An expert on the impact of climate change on financial markets has advice for anyone thinking of buying a home in Florida: don’t.
Spencer Glendon of the Woods Hole Research Center said last week on the Florida Roundup that financial institutions are going to wreck Florida’s economy if they don’t confront the risk to coastal real estate and slow their lending. He warned that home buyers in the state should no longer be receiving 30-year mortgages.
“What maybe seemed like a long time horizon or something that’s far away actually isn’t far away,” Glendon said. “The longer we wait to start adjusting, the more painful it will be.”
Insurability is the main issue. Thirty-year mortgages come with the condition that a borrower have insurance, which is renewed annually. But insurers can choose to stop offering insurance at any time, or make prices prohibitively expensive, which would cause a homeowner to violate their debt. Eventually, lenders would be forced to stop lending, causing prices to plummet.
In Florida, where many parts of the state are increasingly under risk of flooding and infrastructure erosion, both insurance companies and reinsurance companies have begun to sound the alarm and suggest they will not be working in Florida markets in the coming years.
“Things that are a 1 in 20 year event, or a 5 percent risk, are essentially uninsurable in most parts of world. That’s too often for an insurance company to want to intervene and have to want to deal with claims,” he said. “In most of coastal Florida, that threshold has already been breached.”
Meanwhile, thousands of people continue to move to Florida each week, many of them within 50 miles of the coast — where risk is highest for disaster from rising waters. The state is currently home to some 21 million people.
Kevin McCarty, the chairman of the Florida Association for Insurance Reform and Florida’s former insurance commissioner, said on The Florida Roundup that banks aren’t likely to stop lending in Florida anytime soon — “unless something happens dramatically to shift the burden to [them] to actually have to pay.”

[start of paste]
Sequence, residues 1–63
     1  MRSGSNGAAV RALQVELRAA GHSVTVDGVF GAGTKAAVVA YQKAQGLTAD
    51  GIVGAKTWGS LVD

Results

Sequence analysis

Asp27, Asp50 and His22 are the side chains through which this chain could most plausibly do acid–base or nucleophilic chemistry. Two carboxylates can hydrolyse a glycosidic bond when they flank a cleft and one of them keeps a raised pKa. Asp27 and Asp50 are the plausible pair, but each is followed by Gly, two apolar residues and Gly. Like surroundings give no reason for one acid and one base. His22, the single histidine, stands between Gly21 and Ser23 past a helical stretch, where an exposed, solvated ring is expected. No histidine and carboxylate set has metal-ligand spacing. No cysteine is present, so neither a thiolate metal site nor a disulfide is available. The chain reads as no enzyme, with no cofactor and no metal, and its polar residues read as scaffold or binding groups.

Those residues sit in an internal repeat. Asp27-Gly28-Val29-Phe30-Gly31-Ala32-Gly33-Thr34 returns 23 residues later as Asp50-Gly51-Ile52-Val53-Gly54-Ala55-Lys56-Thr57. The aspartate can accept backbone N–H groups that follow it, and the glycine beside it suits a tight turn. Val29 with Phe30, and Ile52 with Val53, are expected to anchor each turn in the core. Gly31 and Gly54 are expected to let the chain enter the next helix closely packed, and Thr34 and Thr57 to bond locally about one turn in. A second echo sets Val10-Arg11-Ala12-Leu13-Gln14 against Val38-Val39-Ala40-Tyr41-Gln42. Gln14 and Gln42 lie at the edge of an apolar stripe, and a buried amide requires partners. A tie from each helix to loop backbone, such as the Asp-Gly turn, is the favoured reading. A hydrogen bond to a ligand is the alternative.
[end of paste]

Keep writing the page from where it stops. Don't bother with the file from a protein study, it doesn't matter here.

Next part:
He compared the threat of sea-level rise in Florida to earthquakes in California.
“It’s interesting because there’s a huge number of homes in California that are provided mortgages that don’t have earthquake coverage … Millions and millions worth of mortgage property on fault lines that don’t have simple protection,” he said. “We know earthquakes are going to happen in California and when it happens it will be devastating. Yet the mortgage industry continues to provide.”
McCarty agreed that Florida has failed to sufficiently address sea-level rise and climate change.
“There have been some efforts made at the local level, particularly in southeast Florida,” he said. “But the state has not made a comprehensive effort to address that. We need to make communities more resilient and therefore more insurable.”
Glendon recommended a more dramatic approach, and encouraged people to start preparing now for the future, such as by paying down mortgages and/or selling.
He called for climate change and adaptation to be taken up on the local and state level and by Congress.
“If we start acknowledging some of the misplaced capital now and misplaced expectations now, the adjustment will be easier,” he said.
“The Invading Sea” is a collaboration of four South Florida media organizations — the South Florida Sun Sentinel, Miami Herald, Palm Beach Post and WLRN Public Media.